Segarra Cites 'Efficiency, Economy And The Reduction Of Liabilities'
September 19, 2013
Mayor Pedro Segarra has begun cutting the city's fleet of take-home vehicles, reducing the number of cars from 73 to 45.
Segarra sent a letter to Council President Shawn Wooden saying that due to financial issues, he has been pulling back on the number of take-home vehicles since March.
"It is my belief that we reduced the fleet and take-home vehicles," Segarra said.
"But given our financial position and the council's position on the matter, I feel it necessary to conduct further reductions in the number of vehicles allotted for take-home use in order to acknowledge the city's needs for efficiency, economy and the reduction of liabilities."
The number of take-home vehicles in the police department was reduced from 35 to 32; general government take-home vehicles from 14 to 9; fire from 21 to 4; and emergency services and telecommunications from 3 to 0.
General government includes the mayor, chief operating officer, recreation supervisor, the health and human services relocation specialist and employees in development services, license and inspection and public works.
Segarra said he may call for further reductions "based on budget limitations."
"This subject will be up for review during next year's budget process in order to ensure that we have the minimum number of vehicles necessary to ensure both safety and service continuity for our city's residents," he wrote in the letter.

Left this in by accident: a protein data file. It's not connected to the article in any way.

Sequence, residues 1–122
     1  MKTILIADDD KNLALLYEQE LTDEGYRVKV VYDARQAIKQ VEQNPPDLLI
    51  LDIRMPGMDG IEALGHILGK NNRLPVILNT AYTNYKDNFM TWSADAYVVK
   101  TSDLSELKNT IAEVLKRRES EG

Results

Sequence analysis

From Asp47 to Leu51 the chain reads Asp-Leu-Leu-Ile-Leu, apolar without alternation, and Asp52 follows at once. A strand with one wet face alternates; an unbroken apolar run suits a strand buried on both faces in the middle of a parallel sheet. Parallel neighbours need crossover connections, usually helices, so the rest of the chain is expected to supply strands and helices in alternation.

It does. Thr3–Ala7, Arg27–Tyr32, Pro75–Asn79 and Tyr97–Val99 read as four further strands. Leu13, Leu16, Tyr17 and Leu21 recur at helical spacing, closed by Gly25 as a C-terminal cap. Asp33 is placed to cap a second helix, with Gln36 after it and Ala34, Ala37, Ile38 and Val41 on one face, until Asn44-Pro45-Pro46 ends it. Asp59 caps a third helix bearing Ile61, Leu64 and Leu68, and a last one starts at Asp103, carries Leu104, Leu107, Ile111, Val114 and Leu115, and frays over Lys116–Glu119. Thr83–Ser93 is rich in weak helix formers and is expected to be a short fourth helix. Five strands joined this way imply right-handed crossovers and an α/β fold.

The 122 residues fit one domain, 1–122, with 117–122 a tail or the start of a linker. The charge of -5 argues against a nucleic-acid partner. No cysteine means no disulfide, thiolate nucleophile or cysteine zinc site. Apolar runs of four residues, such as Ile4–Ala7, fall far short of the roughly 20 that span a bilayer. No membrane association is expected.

A lot of attention has been focused on take-home vehicles since Segarra's former chief of staff, Jared Kupiec, was charged in July with using a car without permission and interfering with police.
Police found a city-owned Ford Explorer outside Kupiec's Capitol Avenue home after he had left his city hall job. He admitted that he used the car without permission. Kupiec was later granted a special form of probation.
Earlier this month, the city's deputy public works director, Rhonda Moniz-Carroll, was charged with drunken driving after a crash that totaled a city-issued vehicle and injured another driver. Moniz-Carroll was fired. An attorney for the other driver has contacted the city.
Segarra's office said at the time that 59 employees were assigned take-home vehicles.
At the city council's request, the Hartford Internal Audit Commission is investigating the assignments and policies for take-home vehicles. Commissioners have pointed out that no centralized list of employees with take-home vehicles was kept.
Councilman Kenneth Kennedy has introduced a proposal that would limit the number of take-home vehicles.
Under the plan, only Segarra, Police Chief James Rovella, acting Fire Chief Carlos Huertas, Department of Public Works Director Kevin Burnham and anyone whose vehicle is part of a collective bargaining contract would keep the cars.
Reprinted with permission of the Hartford Courant.
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